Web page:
Yes, but not completely. We recovered the satellite into a controllable orbit... but commercially there were losses. A few of the transponders didn’t come back.
What I left out was that early in the days it took us to recover control of the bird, management was faced with a hard decision: Turn off the heaters for the electronics packages to conserve battery power... or bet that we could recover the bird fast enough to get the solar panels back online and producing bus power fast enough. If we took the latter choice and didn’t recover the orientation quickly... the batteries would have gone dead and we would likely never recover it.
After the first, oh, 8 hours... we reckoned from the telemetry that this was something that would take days, maybe weeks to recover from and keyed up the commands to shut down the heaters.
This put the electronics in the transponders at risk, and ultimately the internal temperatures got so low (like -80C and colder) it turned out that some of them didn’t come back at all, or (in at least one case) it came back with diminished sensitivity on the receiver.
So the bird was still compromised, and there was an insurable loss because traffic that was scheduled to go onto this satellite had to be re-routed to other birds and the future revenue on the rolled bird was reduced.
But the insurer thought they got away cheap. If the entire bird had been lost, as I recall the numbers went like this: $87 mil for the bird not achieving operational orbit, and something like $270 mil in foregone revenues expected over the operating lifetime. All of the first number was insured, and a large proportion of the second number was insured, but I don’t remember exactly how much.
Ultimately, it took one guy, his HP-41CV calculator (engineers don’t leave home without them), a legal pad, mechanical pencil and a non-stop pot of coffee to figure out what had happened. This lone engineer (who started as a EE, but became an expert on satellite orbital issues) took the scant data we had, asked for a little more data to be developed from the limited telemetry we were getting on bus voltages, the period of the signals coming across the antenna, the differential in voltages between the panels... and he produced some of the most awe-inspiring display of mathematics I’ve ever seen in my life.
He computed from the signal being swept across our ground antenna, the signal strength as we swept the box with our ground dish antenna, and the rise/fall in solar voltage:
- the orientation of the satellite
- the exact location of the bird in our “box” station (which back then was 2 degrees wide)
- how fast it was spinning
- which *way* it was spinning (this was one of the harder things to develop)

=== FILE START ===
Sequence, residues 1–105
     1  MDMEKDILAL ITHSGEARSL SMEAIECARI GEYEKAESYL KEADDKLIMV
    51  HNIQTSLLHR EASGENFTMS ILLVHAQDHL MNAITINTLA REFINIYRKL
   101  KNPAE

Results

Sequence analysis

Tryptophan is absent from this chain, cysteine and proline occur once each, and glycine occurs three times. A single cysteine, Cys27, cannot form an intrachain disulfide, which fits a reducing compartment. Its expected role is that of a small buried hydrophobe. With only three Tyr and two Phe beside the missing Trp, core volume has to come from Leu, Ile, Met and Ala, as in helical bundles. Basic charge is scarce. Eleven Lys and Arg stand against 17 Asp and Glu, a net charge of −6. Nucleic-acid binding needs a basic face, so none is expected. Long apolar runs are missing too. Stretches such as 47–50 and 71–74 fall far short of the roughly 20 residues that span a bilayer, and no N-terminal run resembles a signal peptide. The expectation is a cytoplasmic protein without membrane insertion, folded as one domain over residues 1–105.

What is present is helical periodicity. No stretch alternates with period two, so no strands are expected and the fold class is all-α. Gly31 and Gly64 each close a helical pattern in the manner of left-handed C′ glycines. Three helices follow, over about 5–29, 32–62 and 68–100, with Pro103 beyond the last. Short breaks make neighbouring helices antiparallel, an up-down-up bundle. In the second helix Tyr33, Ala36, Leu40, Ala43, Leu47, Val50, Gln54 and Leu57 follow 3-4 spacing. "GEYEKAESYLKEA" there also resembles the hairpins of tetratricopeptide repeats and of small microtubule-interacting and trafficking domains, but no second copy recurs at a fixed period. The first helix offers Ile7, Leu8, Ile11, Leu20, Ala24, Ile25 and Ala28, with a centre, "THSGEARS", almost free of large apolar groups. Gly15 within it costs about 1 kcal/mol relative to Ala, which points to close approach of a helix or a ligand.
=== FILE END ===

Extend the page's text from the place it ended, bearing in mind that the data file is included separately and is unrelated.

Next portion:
- and how much we had to fire a thruster, and which thruster to stop the spin.
All in one non-stop 27 hour session of grinding out the math by hand.
As I said, awe-inspiring, especially to a newbie engineer.
My job as a wet-behind-the-ears intern was to keep the insurance company rep occupied and out of the hair of the guys doing the heavy lifting. At night, I could park him in front of the Playboy Channel monitor. During the day, the Playboy Channel was replaced by one of the holy roller feeds - I don’t remember which televangelist had his own transponder back then. It might have been Swaggart - I remember that he was disgraced only a few years after this.
I won’t mention the insurance company, but you’d all know it in an instant if I did.
When the insurance guy was sleeping off his copious alcohol consumption (the insurance company wasn’t doing that well just then, and they were scared witless of taking these losses), I was writing on-the-fly custom telemetry processing s/w for assembling packages of commands to key in by hand or to process snatches of telemetry we’d get. The existing s/w expected nice, stable full frames of data... the ad-hoc stuff allowed a guy to key in snatches of a frame and get something meaningful decoded and encoded quickly. The bird was rotating so quickly that we were able to load up only one command (which would be, oh, the equivalent of six or eight bytes of information) at a time into the radio register and hit the “transmit” button - but we had to time the transmission to account for the delay over the distance to orbit. Early in the event, it took an old hand who had been there at the earliest days of NASA at Goddard SFC who had done this “in the old days” to teach us how to do this, because the satellite control engineers believed in leaving back doors to jump around all the automation. Usually, there were three HP-1000 minicomputers that were controlling and monitoring the birds - a telemetry processor, a stationkeeping computer and a command computer. They were all linked together with a custom bus interlink designed by HP. You could say they were loosely coupled multi-processors, but they came nowhere near the coupling of something like a VAX Cluster setup. When everything was working correctly, you never saw or programmed the raw commands to the birds (we were controlling six operational birds and this one ‘replacement’ bird that had not yet come online) and everything was presented in nice, clear information on the screens for operators to see for every satellite the company ran.
what was the name of this satellite? Was it satcom 3?